Renee Montagne talks to South African musician Johnny Clegg about his relationship with Nelson Mandela, who died Thursday at age 95. Clegg says his banned 1980s song that named Mandela and became an anthem came to him one day when he woke to gunshots and wondered "who can bridge you and me, every South African."
Doris Lee's Thanksgiving, circa 1935, was, even then, a nostalgic look back at the quintessential American food holiday. "At a time of economic struggle, Thanksgiving offered a creation story for the nation that could unify the population around a familiar meal of turkey, stuffing, and all the trimmings," says Oehler. (Mr. and Mrs. Frank G. Logan Purchase Prize Fund)
Francis W. Edmonds' The Epicure, 1838, is one of the earliest depictions of a tavern meal in American history, says Judith A. Barter, curator of American art at the Art Institute of Chicago. She says it represents America at a political crossroads between urban and rural ways of life and styles of government. (The Ella Gallup Sumner and Mary Catlin Sumner Collection Fund)
Raphaelle Peale is considered the first American professional still-life painter. His Still Life - Strawberries, Nuts, &c., 1822, exemplifies early American efforts to showcase the bounty of North America. (Gift of Jamee J. and Marshall Field)
Edward Hopper's iconic Nighthawks, 1942, embodies the increasing isolation of young professionals in the cities, and stands in sharp contrast to Norman Rockwell's Freedom From Want, depicting a loving couple bringing a giant turkey to the family table, painted the same year. (Friends of American Art Collection)
Originally published on Sun December 8, 2013 5:29 pm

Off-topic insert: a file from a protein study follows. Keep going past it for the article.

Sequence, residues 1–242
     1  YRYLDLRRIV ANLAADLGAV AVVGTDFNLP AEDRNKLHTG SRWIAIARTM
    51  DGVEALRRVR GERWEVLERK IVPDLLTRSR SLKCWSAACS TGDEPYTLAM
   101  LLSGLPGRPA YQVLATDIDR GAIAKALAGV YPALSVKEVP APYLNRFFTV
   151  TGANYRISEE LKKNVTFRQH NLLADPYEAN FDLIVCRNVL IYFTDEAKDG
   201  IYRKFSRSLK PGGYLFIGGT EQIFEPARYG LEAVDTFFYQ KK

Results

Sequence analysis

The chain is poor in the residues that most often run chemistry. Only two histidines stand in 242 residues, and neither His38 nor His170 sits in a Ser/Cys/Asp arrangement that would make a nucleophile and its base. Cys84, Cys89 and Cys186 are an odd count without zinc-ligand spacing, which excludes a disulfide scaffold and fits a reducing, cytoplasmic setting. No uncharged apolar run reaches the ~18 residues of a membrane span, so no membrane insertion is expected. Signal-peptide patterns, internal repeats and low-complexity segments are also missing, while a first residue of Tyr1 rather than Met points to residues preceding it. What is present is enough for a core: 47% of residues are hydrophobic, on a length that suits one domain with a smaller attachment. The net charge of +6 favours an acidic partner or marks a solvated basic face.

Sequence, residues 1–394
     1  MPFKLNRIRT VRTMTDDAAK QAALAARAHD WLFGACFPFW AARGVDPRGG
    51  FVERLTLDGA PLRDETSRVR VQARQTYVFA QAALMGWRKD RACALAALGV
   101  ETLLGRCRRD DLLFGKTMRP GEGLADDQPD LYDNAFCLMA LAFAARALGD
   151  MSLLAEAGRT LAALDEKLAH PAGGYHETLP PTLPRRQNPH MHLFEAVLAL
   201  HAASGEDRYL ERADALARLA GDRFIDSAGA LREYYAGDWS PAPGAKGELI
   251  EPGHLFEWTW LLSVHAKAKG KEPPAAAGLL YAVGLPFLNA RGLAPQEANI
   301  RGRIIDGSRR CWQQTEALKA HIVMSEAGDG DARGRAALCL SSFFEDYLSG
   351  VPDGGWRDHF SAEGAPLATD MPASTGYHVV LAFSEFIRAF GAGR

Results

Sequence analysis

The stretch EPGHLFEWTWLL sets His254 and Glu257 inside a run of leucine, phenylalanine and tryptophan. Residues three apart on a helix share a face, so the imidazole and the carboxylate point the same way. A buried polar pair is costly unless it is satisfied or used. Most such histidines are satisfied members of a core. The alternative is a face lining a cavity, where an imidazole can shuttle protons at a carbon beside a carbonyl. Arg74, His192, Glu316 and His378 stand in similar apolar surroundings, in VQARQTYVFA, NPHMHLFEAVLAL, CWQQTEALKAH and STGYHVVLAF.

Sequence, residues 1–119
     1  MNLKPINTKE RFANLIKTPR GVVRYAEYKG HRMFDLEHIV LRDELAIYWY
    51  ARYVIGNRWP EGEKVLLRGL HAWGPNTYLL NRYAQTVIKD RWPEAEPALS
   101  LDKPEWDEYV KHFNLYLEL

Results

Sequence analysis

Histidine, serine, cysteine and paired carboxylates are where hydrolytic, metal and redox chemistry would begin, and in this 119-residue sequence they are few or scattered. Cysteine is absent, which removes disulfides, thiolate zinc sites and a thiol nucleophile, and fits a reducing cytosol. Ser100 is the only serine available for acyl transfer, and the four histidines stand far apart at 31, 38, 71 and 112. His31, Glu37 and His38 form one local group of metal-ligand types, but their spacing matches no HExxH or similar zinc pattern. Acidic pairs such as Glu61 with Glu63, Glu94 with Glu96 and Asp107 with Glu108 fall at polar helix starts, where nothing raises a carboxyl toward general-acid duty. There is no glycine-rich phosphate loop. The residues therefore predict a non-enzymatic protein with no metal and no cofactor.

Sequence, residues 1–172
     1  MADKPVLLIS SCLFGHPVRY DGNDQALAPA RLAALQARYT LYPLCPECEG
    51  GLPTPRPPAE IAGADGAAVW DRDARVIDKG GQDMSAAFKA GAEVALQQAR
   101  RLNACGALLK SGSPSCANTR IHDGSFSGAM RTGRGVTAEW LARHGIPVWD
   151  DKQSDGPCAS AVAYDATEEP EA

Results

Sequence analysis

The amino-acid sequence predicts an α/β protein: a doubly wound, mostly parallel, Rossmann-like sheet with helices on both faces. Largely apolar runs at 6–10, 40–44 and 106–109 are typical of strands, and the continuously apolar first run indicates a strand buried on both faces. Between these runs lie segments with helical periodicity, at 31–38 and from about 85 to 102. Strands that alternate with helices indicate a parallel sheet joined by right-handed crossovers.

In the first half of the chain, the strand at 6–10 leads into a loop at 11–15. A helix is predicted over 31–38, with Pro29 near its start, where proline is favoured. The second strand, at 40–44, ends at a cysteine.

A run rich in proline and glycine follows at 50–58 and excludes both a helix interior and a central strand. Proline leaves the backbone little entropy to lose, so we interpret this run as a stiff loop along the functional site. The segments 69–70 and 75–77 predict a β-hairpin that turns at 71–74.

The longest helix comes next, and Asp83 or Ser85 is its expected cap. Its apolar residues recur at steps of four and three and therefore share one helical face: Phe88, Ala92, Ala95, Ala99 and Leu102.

In the age of celebrity chef fetishism and competitive ingredient sourcing, it can be hard to remember that there was a time when restaurants didn't exist in America.
Before the Civil War, most people ate at home, consuming mostly what they could forage, barter, butcher or grow in the backyard. But just because food choices were simpler back then doesn't mean our relationship to what we ate was any less complicated.
Originally published on Fri December 6, 2013 8:48 pm
(This story was updated at 8:30 p.m. ET)
Wind-whipped freezing rain were moving through large parts of the nation on Friday, with the major winter storm blamed for a traffic death in Dallas and the deaths of four people from hypothermia in California.
The Associated Press says "more than a thousand flights have been canceled, football and basketball games postponed and holiday celebrations including town tree lightings and parades curtailed."
Northern Kentucky University is partnering with the Cincinnati Art Museum to celebrate the 500th anniversary of Niccolo Machiavelli’s “The Prince” on December 10th. Featured speaker, NKU’s Dr. William Landon says it’s the only event of its kind being hosted in North America. Dr. Landon stopped by the WNKU studios to talk with Matt Kelley about why the infamous “little book” is still influential. (get more information at http://www.cincinnatiartmuseum.org/visit/plan/calendar )
The world wants Syria's chemical arsenal destroyed. But so far, no country has offered to do the dirty work on its soil. Over the past week, an alternative has gained ground: Carry out the destruction at sea. The plan taking shape is complicated and untested, but it just might work.
It was 1966, and a ship called the Daniel J. Morrell was making its last run of the season, hauling steel across Lake Huron. The crew was eager to head home for Christmas. But one night, caught in a severe storm, the ship broke apart and sank.
Only a few of the crew members made it to a life raft, and only one of them, watchman Dennis Hale, survived.